Two years ago, the Royal Swedish Academy of Sciences awarded the Nobel Prize in Chemistry to the three scientists who led the development of lithium-ion (Li-ion) batteries that have laid the foundation for a fossil-fuel-free economy. But how can batteries – mere storage units for energy – be a standard‑bearer of the energy revolution? A new report in UN DESA Frontier Technology Issues (FTI) series explains.
Transport and the generation of energy are responsible for the lion’s share of human greenhouse gas emissions, which are causing the climate crisis. Li-ion batteries are one of the keys to unlocking the green potential of both these sectors.
In the energy sector, batteries have made the rise of the renewals possible by overcoming the largest deficiency of solar and wind power – their variability. Put very simply, the sun doesn’t always shine, and the wind doesn’t always blow, but batteries can store up surplus power when generation is abundant for use in times of deficit. Batteries also reduce how much generating capacity needs to be installed, helping to make renewable energy more competitive.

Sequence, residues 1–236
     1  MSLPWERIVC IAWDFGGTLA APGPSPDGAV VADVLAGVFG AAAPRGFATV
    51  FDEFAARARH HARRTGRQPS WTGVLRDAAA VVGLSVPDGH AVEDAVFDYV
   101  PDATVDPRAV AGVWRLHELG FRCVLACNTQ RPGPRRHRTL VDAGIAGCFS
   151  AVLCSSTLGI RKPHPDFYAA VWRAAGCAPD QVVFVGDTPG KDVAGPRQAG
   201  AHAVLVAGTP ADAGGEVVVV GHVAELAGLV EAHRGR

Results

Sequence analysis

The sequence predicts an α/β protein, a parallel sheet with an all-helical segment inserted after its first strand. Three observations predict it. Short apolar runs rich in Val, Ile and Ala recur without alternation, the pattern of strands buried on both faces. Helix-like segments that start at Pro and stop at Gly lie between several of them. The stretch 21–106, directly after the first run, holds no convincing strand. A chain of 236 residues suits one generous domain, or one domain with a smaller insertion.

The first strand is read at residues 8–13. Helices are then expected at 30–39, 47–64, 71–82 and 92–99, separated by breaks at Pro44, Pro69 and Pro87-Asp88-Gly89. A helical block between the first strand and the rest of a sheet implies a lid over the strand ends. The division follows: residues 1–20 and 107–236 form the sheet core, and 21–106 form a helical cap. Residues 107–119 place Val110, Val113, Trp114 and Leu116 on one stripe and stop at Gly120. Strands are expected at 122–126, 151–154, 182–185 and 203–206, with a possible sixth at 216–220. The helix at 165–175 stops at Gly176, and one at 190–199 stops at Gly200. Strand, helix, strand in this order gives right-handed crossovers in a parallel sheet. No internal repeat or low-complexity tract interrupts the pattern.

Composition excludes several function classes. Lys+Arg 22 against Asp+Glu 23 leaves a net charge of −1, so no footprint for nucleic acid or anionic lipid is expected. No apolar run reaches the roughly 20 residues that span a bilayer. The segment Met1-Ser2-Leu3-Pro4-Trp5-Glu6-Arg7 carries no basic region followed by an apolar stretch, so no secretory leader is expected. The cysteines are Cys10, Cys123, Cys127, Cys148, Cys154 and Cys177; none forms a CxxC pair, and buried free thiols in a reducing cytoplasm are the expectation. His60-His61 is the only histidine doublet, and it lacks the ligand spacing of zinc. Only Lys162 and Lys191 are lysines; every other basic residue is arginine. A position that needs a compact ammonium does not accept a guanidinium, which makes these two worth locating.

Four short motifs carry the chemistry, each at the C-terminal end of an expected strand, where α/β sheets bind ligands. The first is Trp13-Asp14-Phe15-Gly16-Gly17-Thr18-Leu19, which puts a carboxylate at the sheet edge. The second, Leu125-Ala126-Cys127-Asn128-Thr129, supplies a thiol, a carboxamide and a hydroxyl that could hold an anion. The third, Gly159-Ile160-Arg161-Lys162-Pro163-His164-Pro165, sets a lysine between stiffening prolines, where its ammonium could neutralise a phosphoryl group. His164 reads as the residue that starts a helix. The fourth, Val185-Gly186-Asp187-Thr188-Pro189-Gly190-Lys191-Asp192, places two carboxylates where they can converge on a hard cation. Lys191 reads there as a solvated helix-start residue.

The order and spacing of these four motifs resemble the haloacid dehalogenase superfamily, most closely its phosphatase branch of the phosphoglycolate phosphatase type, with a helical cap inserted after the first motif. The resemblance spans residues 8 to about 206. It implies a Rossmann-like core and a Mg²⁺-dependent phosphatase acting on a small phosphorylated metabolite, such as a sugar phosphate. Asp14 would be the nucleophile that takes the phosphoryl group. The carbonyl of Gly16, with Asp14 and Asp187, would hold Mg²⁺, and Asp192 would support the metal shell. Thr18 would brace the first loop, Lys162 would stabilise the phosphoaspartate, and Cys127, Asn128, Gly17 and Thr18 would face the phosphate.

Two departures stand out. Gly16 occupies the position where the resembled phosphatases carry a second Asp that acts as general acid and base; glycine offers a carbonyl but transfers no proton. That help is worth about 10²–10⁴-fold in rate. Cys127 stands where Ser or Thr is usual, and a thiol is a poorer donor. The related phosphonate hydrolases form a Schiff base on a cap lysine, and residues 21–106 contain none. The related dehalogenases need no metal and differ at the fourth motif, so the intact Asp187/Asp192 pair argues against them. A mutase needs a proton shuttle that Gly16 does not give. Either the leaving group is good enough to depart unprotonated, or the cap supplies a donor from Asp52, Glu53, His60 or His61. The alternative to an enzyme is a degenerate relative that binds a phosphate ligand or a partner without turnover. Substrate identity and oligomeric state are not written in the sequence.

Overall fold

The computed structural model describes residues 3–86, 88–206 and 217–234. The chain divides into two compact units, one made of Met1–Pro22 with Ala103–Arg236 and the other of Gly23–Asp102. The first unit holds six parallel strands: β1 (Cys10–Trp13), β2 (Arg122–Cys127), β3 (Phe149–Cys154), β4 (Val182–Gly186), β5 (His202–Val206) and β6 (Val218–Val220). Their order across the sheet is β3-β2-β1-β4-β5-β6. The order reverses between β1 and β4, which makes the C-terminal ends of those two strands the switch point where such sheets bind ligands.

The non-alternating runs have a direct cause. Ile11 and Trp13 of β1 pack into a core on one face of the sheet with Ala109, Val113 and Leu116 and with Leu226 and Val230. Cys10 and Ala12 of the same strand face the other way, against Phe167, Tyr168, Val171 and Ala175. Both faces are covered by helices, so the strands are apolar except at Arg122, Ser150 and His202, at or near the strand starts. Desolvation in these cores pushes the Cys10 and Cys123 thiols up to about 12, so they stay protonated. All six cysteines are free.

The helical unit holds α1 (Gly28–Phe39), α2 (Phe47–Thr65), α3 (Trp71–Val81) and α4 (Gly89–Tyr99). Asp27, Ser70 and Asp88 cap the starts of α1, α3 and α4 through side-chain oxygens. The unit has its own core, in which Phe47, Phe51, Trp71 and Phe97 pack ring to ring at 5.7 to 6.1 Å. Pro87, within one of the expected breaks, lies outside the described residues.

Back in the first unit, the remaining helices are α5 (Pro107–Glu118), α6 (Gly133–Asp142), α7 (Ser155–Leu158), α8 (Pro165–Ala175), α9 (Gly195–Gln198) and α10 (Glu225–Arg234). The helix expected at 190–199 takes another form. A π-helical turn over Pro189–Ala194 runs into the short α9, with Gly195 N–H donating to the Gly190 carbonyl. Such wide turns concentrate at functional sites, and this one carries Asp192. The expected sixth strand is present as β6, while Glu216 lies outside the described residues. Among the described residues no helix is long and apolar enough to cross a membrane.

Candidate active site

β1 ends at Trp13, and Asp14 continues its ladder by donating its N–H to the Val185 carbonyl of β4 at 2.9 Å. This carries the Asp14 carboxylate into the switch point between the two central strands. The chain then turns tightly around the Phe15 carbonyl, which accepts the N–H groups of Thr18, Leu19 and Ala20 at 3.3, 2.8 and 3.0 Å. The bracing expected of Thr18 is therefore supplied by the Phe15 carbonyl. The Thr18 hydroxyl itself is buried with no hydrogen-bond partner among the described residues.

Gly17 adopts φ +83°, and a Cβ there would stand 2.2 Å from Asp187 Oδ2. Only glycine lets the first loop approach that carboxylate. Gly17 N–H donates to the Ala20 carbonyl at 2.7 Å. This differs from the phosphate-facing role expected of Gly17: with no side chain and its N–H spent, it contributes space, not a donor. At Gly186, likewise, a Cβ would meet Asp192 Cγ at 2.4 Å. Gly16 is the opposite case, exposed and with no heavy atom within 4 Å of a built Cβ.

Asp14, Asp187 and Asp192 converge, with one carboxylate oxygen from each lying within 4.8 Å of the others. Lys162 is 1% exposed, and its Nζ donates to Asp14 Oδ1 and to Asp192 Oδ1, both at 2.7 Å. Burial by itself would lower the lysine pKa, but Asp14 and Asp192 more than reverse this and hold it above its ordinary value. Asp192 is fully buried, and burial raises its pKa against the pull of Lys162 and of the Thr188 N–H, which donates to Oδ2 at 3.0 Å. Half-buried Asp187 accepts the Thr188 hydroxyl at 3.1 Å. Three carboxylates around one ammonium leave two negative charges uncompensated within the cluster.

In transport, thanks to their high power-to-weight ratio, Li-ion batteries can help replace the conventional fossil-fuel-guzzling automobiles with electric vehicles. In the United States, the world’s second largest car market, global manufacturers have announced plans to introduce nearly 100 purely electric vehicle models within the next three years. Buses and trucks are also being electrified as battery technology improves.
The progress made in either of these two sectors leads to further gains in the other, creating a virtuous cycle of lower cost, greater production, and greater demand. In 2010, the demand for Li-ion batteries was merely 19 gigawatt hours (GWh). This figure has since grown to 285 GWh in 2019 and it is expected to reach 2,000 GWh in 9 years’ time—that’s about 8 per cent of the entire world energy supply.
One of the greatest limitations to this battery boom is the fact that key materials for producing Li-ion batteries, such as lithium and cobalt, are extracted only in a few countries. In some instances, their supplies could hardly catch up with rapidly increasing demand. Producing countries have often restricted exports of the materials for political gains. There have also been concerns about social and environmental impacts of cobalt and lithium mining.
However, we can introduce policies that could accelerate the development and uptake of lithium-ion batteries even further without compromising on environmental and social impacts. The new UN DESA Frontier Technologies Issues draws attention to the kind of policies that could enable continued research and development, stable material sourcing, efficient production, and closed-loop recycling systems to maximize the potential of lithium-ion battery to power our energy transformation.